Cinnamon is widely recommended in combination with honey or yoghurt in a face mask for clearing acne. It’s most commonly favoured as a topical hyperpigmentation remedy, for getting rid of old acne scars or lightening and brightening your skin tone.
For decades, highly motivated acne patients have spread cinnamon powder onto their face because of faith, word of mouth, and a drive to experiment.
But after all these years, science has finally stepped in and made cinnamon’s acne powers official. Cinnamon has finally stopped being just a home remedy and entered another league.
In this article we covered why eating cinnamon can clear acne; it’s proven to lower blood sugar and insulin, and hence oily skin. But when applied directly to your face, the cinnamon spice has a very different set of powers.
Is topical cinnamon and its many associated skincare recipes proven to clear acne? Not quite, but keep reading and you’ll see just how promising the evidence is.
Topical cinnamon can improve skin tone
The most interesting thing about the cinnamon spice is its complete unpredictability. If you’re reasonably knowledgeable about acne, you might know that ground cinnamon is one of the richest foods in antioxidants on earth, far richer than raspberries or blueberries. You might suspect that the antioxidants can strengthen your skin cells against free radicals, and indeed they can.
But the best study performed on the spice to date revealed that cinnamon can enhance and increase the formation of collagen proteins when applied to the skin topically.
The study started when a mob of scientists searched for a substance in food which could revive stagnant collagen synthesis which had declined with age, in order to delay the physical symptoms of ageing. They quickly discovered that cinnamon extract increased the biosynthesis of collagen when applied to the skin.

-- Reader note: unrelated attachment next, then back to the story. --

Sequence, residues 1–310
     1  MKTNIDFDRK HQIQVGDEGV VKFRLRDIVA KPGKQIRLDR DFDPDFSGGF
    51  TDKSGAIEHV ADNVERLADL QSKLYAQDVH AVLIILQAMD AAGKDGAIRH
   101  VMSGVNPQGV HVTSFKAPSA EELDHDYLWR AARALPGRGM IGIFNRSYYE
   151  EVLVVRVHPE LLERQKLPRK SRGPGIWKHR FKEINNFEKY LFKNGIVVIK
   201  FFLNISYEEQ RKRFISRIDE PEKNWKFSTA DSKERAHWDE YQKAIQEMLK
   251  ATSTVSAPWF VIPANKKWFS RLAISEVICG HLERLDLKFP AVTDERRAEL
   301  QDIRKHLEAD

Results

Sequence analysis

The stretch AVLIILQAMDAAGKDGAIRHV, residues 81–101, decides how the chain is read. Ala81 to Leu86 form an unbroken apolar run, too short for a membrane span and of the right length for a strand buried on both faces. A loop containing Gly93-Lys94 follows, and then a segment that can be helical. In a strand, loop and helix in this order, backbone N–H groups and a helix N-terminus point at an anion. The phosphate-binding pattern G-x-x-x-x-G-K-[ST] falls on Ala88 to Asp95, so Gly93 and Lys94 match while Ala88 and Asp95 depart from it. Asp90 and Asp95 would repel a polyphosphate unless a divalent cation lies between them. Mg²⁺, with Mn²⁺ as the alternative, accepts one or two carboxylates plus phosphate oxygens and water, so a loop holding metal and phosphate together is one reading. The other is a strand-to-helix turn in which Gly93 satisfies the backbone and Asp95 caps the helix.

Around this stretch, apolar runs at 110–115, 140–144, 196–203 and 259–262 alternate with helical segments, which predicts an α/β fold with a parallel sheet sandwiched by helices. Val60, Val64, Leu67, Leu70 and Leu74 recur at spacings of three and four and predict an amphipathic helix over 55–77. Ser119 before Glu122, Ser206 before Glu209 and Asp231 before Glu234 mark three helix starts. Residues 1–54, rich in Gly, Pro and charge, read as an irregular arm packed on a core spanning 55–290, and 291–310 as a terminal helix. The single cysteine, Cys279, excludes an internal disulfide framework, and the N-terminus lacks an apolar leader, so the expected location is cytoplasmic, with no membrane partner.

The extract upregulated the protein expression of type 1 collagen, the main form used for the construction of new tissue in wound repair and for maintaining the skin’s structure (type 2 is found in joint cartilage). They identified the specific compound in cinnamon responsible – cinnamaldehyde. This substance promoted the activity of collagen by increasing the potency of insulin-like growth factor 1 (IGF-1).
The conclusion: “these results suggested that cinnamon extract is useful in antiaging treatment of skin”.
In other words, topical cinnamon may be a miracle substance for skin tone, appearance, and skin defence. Who would have suspected it? The specific compound cinnamaldehyde is responsible for the cinnamon spice’s distinctive taste and aroma. 0.5%-1% of cinnamon is the aromatic cinnamon oil; cinnamaldehyde comprises roughly 65% of that oil. It’s the main bioactive component in cinnamon.
IGF-1, meanwhile, is a growth hormone found in cow and human milk, designed to grow babies into adults at astonishing speed. However, it’s been proven in many studies to accelerate type 1 collagen formation as well, by controlling various proteins and genes.
Increasing blood levels of IGF-1 to in turn increase collagen production is a very foolish idea; IGF-1 increases sebum production by enhancing the sensitivity of insulin receptor cells to insulin. That’s one reason why milk can cause acne. However, there’s far less danger with locally enhancing IGF-1 on the skin’s surface through natural topical treatments, and somehow cinnamaldehyde can do that.
Furthermore, the study examined the cinnamon extract as a whole, not just the isolated cinnamaldehyde, so we know that concentrations of the compound in your average grocery store spice are high enough to actually have an effect.
This is easily one of the most surprising yet interesting studies for acne I’ve seen for a while.
Cinnamon ends hyperpigmentation – completely true after all
The skin tone enriching benefits don’t end there, because the theory that cinnamon can lighten the skin’s colour is also true. Cinnamaldehyde has recently become known for its antityrosinase activity.
Tyrosinase is one of the main players in hyperpigmentation. It’s an enzyme used to manufacture the skin pigment melanin, through conversion from the non-essential dietary amino acid tyrosinase. Tyrosinase levels can explain human skin colour in general; melanocytes derived from black skin contain up to 10 times more tyrosinase activity. A mutation in the tyrosinase gene is one reason why albinos exist.
You need some tyrosinase, but, for acne and skin, excessive levels in localised spots are behind many cases of uneven skin tone. Sunlight can oxidise tyrosine and transform it into tyrosinase – that’s why a life spent outdoors can give you the pigmented, weathered look, like an ancient professional golfer.